Church in free fall
In 2019, the number of people leaving the Roman Catholic Church in Austria rose by almost 15 percent. In Carinthia, the figure even reached just under 64 percent, which is linked to the corruption case involving the former bishop Alois Schwarz. “The Church is in free fall by now,” is Fischer’s comment on these figures. She believes the main problem to be that it is concentrating too much on structures. “Priesthood was elevated to an ideology under Pope John Paul II. People have spiritual needs, but the Church is no longer able to meet them, even though it has a rich spiritual tradition. It would actually be a real opportunity for the Church.” Fischer also misses a “now” kind of message that would reach people: “The Bible gives us canonical texts that are complete in themselves, but the commentary on them cannot be flexible enough. They have something new to say to each generation. Canonicity consists precisely in adapting the meaning to the new generation, to a new epoch. Today, this must mean inculturation into western gender democracies. But I don’t see that happening.”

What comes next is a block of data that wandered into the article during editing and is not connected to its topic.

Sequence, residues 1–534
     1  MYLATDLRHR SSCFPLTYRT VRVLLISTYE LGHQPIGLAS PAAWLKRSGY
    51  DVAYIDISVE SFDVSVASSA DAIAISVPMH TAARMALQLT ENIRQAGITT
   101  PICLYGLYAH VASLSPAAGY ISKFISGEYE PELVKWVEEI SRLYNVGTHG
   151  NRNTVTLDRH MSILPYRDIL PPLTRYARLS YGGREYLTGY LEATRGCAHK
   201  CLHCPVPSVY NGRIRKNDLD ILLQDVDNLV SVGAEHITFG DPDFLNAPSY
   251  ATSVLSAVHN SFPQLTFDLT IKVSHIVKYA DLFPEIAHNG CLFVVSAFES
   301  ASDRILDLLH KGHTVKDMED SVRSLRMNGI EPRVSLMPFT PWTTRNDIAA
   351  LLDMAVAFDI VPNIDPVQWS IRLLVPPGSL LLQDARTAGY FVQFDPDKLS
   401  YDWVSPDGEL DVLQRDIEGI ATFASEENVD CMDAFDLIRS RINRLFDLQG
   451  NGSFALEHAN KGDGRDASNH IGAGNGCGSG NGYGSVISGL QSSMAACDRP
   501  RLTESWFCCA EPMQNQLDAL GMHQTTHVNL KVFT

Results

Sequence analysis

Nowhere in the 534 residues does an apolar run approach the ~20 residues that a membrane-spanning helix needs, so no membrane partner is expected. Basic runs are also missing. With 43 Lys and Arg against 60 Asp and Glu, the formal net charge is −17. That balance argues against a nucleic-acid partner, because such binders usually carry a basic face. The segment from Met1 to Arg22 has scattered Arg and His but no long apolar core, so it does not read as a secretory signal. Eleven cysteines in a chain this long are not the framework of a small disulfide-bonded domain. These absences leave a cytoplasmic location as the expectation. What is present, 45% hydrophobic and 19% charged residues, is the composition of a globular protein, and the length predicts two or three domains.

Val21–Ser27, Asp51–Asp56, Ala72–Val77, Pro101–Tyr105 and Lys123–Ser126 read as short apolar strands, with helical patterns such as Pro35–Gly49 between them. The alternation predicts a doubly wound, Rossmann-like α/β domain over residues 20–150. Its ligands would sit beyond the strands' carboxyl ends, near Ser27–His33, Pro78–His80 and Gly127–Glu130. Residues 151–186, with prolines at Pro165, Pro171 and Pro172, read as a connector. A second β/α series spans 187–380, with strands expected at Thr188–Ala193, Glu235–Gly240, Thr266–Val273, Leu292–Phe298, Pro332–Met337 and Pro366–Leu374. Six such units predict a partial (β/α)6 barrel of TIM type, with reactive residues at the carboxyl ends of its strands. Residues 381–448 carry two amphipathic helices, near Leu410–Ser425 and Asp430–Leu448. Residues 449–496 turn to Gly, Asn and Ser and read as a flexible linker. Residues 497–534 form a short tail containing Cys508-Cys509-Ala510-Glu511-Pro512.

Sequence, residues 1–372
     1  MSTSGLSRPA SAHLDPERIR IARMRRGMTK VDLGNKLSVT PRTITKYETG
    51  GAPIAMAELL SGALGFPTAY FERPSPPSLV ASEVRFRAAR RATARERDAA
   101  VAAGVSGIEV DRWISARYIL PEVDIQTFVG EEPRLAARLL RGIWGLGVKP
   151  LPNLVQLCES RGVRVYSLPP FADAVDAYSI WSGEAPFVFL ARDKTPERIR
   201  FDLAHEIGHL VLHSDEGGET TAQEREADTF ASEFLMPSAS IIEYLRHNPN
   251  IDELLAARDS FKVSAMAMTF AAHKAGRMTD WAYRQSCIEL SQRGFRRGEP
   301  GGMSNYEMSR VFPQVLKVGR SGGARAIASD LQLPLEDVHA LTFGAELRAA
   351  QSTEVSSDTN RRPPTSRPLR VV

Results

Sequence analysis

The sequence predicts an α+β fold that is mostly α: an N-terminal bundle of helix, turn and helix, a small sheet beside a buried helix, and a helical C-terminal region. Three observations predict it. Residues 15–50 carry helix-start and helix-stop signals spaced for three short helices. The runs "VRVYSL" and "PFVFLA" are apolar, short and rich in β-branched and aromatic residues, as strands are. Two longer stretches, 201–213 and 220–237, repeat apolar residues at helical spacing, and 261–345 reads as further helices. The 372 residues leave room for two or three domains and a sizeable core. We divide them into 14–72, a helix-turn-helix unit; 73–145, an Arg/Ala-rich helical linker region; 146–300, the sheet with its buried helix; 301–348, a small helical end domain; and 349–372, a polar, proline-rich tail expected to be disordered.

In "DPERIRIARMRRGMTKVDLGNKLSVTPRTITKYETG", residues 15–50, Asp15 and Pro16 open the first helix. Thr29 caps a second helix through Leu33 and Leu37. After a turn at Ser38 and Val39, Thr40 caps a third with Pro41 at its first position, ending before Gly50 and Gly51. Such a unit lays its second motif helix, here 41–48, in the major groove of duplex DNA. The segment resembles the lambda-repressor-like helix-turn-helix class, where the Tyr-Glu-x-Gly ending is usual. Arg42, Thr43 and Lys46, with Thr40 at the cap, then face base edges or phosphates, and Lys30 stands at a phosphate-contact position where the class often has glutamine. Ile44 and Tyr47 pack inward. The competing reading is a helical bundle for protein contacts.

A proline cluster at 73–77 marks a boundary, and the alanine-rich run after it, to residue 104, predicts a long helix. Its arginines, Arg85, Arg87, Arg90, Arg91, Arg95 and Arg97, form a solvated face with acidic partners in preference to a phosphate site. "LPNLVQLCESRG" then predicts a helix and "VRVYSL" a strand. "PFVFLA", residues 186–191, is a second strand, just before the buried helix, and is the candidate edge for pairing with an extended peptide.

Fischer herself attributes the fact that she has made her way in this male domain to the following qualities: high standards, stamina and intellectual flexibility. It is precisely this flexibility that she values most in her students: “I want to teach them to think. Because if you want to discover something new, you can’t follow well-trodden paths, you must be able to think outside the box.”
Wardrobe as an evaluation tool